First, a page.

When you bring your baby home for the first time, there may be many things that you worry about having ready. Of course, there are products that you will get, such as the baby bathtub and care items. But when it comes to bathing your baby, you may wonder about the best way to go about it. This is new territory for you, so knowing some bath safety tips beforehand will go a long way when your baby is here.
The bath safety tips below are great to remember in terms of the procedure of bathing a baby. Keep in mind that your baby will probably cry, and this doesn’t necessarily mean you’re doing anything wrong, but a bath is a new experience for your baby too. Here are some tips to help calm the entire experience.
Bath Safety Tips for Baby
1. Don’t put her in a tub too early.
You cannot submerge the umbilical cord stump in water until a few weeks after birth. The cord needs to have fallen off, and the area needs to be healed before you can put your baby in a tub. Before this, you can give your baby a sponge bath to help clean her. You don’t want to irritate where the cord was attached.1
2. Have all your essentials out ahead of time.
Before getting your baby ready for bath time, get out everything you need and have it within arm’s reach. You will not be able to get something if you forget it because you cannot leave your baby in the tub alone. Make sure to have a washcloth, towel, and soap/shampoo. When your child gets a bit older, you’ll add bath toys to this list, but you only need those three things now.
3. Don’t wash your baby more than three times per week.
Even though we like to shower/bathe daily (or whenever we get the chance as new moms), babies only need two or three baths per week. Any more than that, and you risk drying out her skin by stripping the natural oils too often. The point of a bath is to help clean off the gunk. Not make her skin more uncomfortable. Plus, you’re cleaning up the diaper area often with wipes, so your baby is getting cleaned multiple times a day in that area anyway.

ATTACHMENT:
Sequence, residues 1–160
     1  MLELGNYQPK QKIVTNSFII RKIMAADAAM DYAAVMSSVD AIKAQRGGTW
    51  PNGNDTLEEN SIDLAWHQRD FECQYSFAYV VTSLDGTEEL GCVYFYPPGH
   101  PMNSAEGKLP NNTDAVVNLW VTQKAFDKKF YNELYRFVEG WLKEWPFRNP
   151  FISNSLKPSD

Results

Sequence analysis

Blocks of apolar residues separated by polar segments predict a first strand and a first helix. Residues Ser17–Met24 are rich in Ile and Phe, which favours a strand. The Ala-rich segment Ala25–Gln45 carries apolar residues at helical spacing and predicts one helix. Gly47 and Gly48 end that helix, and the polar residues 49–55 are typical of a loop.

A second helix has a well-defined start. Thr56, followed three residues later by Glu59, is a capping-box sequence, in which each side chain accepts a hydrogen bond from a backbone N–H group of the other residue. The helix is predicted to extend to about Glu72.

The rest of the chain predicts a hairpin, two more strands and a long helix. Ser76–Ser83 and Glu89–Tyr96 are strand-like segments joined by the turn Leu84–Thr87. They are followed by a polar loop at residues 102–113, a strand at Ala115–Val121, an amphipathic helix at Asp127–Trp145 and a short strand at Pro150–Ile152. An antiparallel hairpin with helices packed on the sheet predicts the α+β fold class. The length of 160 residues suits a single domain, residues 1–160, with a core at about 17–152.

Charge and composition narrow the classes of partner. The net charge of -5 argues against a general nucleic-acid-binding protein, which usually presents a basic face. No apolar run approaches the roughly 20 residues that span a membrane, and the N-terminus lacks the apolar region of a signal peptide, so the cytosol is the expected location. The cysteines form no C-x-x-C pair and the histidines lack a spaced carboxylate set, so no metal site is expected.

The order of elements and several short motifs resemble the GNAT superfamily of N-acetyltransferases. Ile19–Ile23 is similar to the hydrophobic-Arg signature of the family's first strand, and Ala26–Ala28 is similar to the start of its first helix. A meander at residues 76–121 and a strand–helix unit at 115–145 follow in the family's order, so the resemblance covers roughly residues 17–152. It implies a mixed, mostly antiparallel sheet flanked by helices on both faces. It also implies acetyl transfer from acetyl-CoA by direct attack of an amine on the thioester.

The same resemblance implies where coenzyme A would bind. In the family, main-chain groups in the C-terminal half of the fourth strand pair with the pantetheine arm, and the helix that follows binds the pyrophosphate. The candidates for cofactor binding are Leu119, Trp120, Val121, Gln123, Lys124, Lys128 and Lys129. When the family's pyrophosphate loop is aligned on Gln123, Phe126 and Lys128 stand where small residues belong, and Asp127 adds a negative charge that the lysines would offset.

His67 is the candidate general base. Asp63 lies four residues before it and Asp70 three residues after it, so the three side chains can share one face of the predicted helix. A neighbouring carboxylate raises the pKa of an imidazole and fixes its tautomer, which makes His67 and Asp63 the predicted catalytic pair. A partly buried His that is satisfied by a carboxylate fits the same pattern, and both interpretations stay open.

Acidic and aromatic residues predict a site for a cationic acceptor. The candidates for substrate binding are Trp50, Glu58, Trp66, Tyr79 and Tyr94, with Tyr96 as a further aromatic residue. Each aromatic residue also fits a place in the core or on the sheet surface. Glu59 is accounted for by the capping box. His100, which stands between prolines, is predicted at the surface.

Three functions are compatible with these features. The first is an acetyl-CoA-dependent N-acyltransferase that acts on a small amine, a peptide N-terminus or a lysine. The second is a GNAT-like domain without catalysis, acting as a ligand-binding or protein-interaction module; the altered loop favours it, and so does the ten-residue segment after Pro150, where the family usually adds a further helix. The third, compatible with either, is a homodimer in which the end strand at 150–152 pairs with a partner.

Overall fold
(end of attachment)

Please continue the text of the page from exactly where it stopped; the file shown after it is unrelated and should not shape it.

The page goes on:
4. Water should be about 90 degrees Fahrenheit.
Ensure the water is lukewarm to the touch instead of hot, which should be about 90 degrees Fahrenheit.2 You don’t want to risk scalding your baby or hurting her with too-warm water. It is a good idea to set your home’s water heater to 120 degrees to ensure that you don’t accidentally get any water hotter than that in the tub.3
A rubber duck that can measure temperature is helpful to have to verify that you’re at the right temperature. Other ducks give you an accurate reading as well. One word of caution, though, I had one of the simple ones, and we took it outside to play with on a sweltering day, and now it always reads “hot” on the bottom and won’t change back, so you can break them.
5. Only have about three inches of water.
It will be hard enough to keep your baby steady sometimes in the bathtub. Be sure you’re only putting in three inches of water when she’s in the bath. You don’t need more than that to get her clean, and this amount will keep her lower half warm.2
6. Do not use Q-tips or soap on her face.
Cotton swabs can cause injury to your baby’s little nose and ears, so don’t use them. Soap can irritate your baby’s eyes and get into her mouth, so be sure to use clear water to wipe down her face.2
7. Always keep a hand on your baby.
Things can change so quickly, and babies are super slippery. It’s essential always to keep a hand on your baby when you’re bathing her. This will help avoid injury and keep her steady as you wash her.
8. Use a baby bathtub or get in with them.
Baby bathtubs are the best choice because they will help keep your baby in place, and you will be able to handle your baby much easier. When my kids outgrew these tubs, I would get into the full-sized tub with them for a while to ensure they didn’t tip over.
Bath time can be fun for you and your baby, but keeping the time safe is essential. With some planning, the right tools, a gentle hand, and these bath safety tips, you can make bath time enjoyable for everyone.